Posts Tagged ‘poetry’

To Be or Not to Be

January 31, 2019

I’m really worried about baby turtles on the beach

Wringing hands hoping they’ll reach shore… TURN OFF THOSE LIGHTS! and there’s more

I want a salad with no meat, no cheese… Are you aware the animals are raised with disease? in pens… Those poor hens

Spotted owls, alligator boots and those that become fur coats

 

I’ll stand at the gates while some poor soul waits to be executed for what he did on bad days…Anyways murder is wrong and I wrote this song about the travesty of ending a human life.

 

Don’t call it abortion, that’s a contortion of every woman’s right. Speaking of right, we have the right to stop the right to re-write Roe when we lose Ruther Bader. There will once come a day when you have the say to arrest on a birthday to prevent the fat, red headed, special needs or gay.

 

It will be like 23 and me for what’s growing in me so don’t call it infanticide. I thank Albany for thinking of me and standing for all that’s right.

 

Speaking of right we need to fight those evil Nazi misogynists. The racist, Russian loving wall builders who separate immigrants from their children… Yes that’s the key… the children, right?

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Absurd

January 17, 2019

Sitting in a fast food palace, wall to wall plastic

Maury giving a bro hug to a man on the tube that is the father of his daughter’s child… Wild? No. In a word-absurd.

 

A man with a blue tooth devise attached to his ear goes table to table selling Krispy Kreme donuts on the side, on the slide, trading a burger for a box of donuts. Nuts? No. In a word-absurd.

 

The people behind the counter move slow… You know the type- Type 2 diabetes, cherub faced sweeties with no neck, nails like claws, sagging draws and lashes long enough to tickle your face. Bad taste? No. In a word- Absurd

 

The heroin addict with the sad look and a sign by the freeway is doing just fine. He pulls out a fat wad of cash, eyes bloodshot from smoking some hash to clear his mind and face the day. A # 2 with a large Coke… Is this all some sort of joke? No. In a word-Absurd.

Anything…

September 22, 2018

It’s been years since you watched a sunset
And saw the beauty of a day ending.
It’s normal to keep pretending when you make eye contact
In the rear view mirror, that the path and
Direction makes sense

Maybe others see what’s going on
And they’re at peace when they sleep
They ask you what do you want and what do
You want to be?  Where will you go?

Maybe there’s no truth
Maybe there’s no proof
Counting grains of sand for eternity
Treading water in a sea of futility
Consciously deciding things unconsciously.
What does it mean?  That maybe everything is nothing.

Mommy and Daddy Voted For Trump- A Kid Book

June 23, 2018

Children I know you heard that once upon a time that momma and daddy voted for Obama back in 2008. Things then were not so great. Back when you were just a tadpole in dad’s bag and we were trying to secure Baghdad. Eight years of hope. Eight more? Nope.
Along came a man with a strange tan down an escalator. He told your parents that life could be better. Against all odds, against all predictions at 10pm eastern came the revelation. The American Brexit was born.
Now Aunt Tilly, the one married to Milly, both believe in freedom of speech and democracy as long as they agree. They told your parents that they were stupid and silly and yelled, “you are dumb… Racist, sexist and straight up deplorable.” For your parents the thought was unbearable the idea of Hillary as president. No borders and permanent illegal immigrants. Free college and a government job for all and no need for borders, passports, fences or walls. North Korean bombs headed for Guam, Syria feeling little like Vietnam with no hope or plan for ISIS or the return of the Tailban.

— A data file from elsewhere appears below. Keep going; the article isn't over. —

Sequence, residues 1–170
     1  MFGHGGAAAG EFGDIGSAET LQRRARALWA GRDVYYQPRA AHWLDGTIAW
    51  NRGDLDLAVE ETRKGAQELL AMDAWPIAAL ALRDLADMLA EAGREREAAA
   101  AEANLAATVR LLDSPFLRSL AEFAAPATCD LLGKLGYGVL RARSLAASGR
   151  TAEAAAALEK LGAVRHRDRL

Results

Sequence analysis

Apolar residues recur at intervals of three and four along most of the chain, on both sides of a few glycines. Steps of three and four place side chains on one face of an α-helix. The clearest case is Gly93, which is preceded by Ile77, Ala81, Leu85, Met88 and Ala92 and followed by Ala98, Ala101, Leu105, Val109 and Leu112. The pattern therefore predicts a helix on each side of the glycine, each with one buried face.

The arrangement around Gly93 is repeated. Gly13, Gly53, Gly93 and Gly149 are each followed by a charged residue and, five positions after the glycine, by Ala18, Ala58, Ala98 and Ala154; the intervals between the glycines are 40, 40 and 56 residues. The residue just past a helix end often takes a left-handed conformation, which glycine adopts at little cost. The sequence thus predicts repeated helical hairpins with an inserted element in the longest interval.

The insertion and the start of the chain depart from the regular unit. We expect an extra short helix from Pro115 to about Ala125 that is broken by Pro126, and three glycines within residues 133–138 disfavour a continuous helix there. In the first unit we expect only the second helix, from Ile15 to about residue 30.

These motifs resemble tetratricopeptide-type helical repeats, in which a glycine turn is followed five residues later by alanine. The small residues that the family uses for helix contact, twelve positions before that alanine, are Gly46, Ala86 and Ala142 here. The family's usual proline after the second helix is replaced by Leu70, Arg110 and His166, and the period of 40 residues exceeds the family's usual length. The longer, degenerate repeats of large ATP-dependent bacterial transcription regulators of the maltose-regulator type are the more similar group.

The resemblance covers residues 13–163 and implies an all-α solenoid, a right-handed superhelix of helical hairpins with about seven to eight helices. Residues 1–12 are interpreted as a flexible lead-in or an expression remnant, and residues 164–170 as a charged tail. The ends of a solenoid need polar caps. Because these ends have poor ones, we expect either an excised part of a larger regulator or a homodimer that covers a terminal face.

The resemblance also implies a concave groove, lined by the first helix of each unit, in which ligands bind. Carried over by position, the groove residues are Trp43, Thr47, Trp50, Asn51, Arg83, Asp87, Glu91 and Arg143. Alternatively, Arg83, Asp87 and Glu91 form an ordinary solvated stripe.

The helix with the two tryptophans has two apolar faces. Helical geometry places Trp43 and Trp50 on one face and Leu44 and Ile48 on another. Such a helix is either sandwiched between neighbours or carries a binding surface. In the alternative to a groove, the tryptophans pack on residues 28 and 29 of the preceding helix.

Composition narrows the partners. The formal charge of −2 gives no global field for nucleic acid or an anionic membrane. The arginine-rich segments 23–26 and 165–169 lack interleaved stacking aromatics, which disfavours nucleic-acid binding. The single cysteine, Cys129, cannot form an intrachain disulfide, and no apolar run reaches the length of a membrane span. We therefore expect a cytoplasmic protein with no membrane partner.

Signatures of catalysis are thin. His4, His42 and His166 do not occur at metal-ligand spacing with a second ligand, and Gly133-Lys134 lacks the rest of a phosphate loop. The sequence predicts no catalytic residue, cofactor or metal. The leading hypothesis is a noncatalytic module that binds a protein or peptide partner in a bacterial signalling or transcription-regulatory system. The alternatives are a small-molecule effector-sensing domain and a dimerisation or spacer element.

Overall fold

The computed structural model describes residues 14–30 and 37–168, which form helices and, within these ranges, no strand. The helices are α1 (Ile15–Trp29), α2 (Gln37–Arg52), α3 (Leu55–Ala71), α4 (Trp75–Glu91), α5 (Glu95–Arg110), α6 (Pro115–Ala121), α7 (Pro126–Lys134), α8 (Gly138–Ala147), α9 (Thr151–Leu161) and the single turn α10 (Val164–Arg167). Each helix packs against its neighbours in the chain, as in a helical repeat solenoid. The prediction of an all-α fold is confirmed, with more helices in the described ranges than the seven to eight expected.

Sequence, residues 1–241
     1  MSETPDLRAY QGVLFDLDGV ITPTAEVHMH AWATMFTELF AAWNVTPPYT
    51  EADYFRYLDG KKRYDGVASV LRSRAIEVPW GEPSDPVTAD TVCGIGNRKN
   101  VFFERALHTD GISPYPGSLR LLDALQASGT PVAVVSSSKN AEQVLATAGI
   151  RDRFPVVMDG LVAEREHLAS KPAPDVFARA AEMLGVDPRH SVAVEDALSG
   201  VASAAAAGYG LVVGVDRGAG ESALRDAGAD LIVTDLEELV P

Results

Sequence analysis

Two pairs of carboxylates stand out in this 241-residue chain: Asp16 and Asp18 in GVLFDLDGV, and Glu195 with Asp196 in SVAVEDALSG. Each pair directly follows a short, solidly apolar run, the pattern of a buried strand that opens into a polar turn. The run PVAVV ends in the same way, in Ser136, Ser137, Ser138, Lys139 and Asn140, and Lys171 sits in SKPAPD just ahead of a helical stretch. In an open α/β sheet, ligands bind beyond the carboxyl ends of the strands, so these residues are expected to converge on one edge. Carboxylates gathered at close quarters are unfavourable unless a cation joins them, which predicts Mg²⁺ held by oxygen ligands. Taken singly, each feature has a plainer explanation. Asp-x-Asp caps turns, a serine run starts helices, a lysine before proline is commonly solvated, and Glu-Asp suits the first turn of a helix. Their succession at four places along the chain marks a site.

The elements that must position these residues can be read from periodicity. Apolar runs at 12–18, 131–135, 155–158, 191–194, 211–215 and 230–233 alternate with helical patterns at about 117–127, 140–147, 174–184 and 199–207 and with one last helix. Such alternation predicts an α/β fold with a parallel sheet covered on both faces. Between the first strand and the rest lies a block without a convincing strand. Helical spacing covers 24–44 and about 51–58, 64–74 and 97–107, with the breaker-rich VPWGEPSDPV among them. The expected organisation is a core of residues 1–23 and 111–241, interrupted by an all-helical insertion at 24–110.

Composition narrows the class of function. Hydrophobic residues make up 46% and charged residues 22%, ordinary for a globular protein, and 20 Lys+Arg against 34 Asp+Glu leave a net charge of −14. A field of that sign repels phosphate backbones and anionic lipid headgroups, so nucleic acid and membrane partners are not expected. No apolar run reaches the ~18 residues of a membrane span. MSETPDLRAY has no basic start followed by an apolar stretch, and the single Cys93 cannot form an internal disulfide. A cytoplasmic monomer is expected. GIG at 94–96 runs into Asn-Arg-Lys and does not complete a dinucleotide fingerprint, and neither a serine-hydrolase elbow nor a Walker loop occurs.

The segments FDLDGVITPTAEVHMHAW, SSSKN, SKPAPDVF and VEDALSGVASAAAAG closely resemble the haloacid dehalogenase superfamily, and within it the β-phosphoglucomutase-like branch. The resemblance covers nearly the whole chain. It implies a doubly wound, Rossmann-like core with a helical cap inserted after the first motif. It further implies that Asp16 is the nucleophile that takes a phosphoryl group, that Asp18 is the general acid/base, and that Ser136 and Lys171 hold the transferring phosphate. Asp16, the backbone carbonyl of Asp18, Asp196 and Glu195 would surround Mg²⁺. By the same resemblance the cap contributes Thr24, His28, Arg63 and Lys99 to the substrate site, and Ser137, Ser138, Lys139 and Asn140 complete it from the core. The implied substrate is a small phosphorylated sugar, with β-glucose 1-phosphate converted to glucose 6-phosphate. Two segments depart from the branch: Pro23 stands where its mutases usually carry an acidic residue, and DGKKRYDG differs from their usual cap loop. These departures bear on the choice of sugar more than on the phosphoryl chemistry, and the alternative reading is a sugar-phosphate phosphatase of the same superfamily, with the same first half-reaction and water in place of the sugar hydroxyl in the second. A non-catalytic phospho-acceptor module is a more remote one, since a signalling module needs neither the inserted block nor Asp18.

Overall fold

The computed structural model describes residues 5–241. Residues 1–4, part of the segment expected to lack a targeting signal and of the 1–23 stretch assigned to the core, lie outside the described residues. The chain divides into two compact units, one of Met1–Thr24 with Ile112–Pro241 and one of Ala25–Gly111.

They probably would never admit this out loud but they are proud that as a boy, you wear blue and like firetrucks and they quietly believe it sucks that their values are the enemy of Hollywood, the press and talk show TV.
Russian collusion, Mueller commission fishing for obstruction and mom and dad are just so glad about the economy and their 401K and the prospect that Korean missles might go away. What do they do? What do they say? Nothing out of fear of being yelled at, belittled, attacked and driven away. Oh and by the way… You better hide this book today. Aunt Tilly is on her way. I shudder to think what she’ll think or what she’ll say and that’s just how it is everyday.

Forward

May 11, 2018

He wakes and sees himself in the mirror, squints like Clint
“I’m the boy I’ve always been… am I too old? I still feel young.”
Life’s a curious thing, miles of road in the rear view mirror and a
dead end up ahead.  It’s not what you heard or what I said. You’ll
soon forget the lunch bags and red roses. The mundane day-to-day
measured in minutes He kissed her lips on a sunny day drove the baby
to where she had to go.  Just trying to get it right.  He wakes when
they’re sleeping, says nothing.  I’m not leaving; it’s just a walk and
a quiet talk to the relatives gone before him letting them know others
are coming.  Fading, fading into a deeper fog of a mind stuck on
reset.  Life’s cruelty is to forget and lose comprehension of where,
what and why.   Life’s a struggle; life is tough but better than the
man with the cup by the freeway.  He’s lived a bunch of years, does he
get more? He thinks the deepest thing might be love.   Memories of
homes and hearts searching for the light switch in the dark.  It’s
there.  You will find it.

The Stay Home Dad’s Poetry Meet-Up

October 7, 2017
Jack met Martin before they finally

Jack met Martin before they finally said a few words to Buck.  All
three of them had small children that they would take to the park at
about the same time.  There were Spanish and Polish speaking au pairs
and a few young moms but the three men found one another and became
friends.
Jack, a stand-up bass player in Jazz bands at night, watched his two
boys during the day.  His wife is an attorney and she essentially pays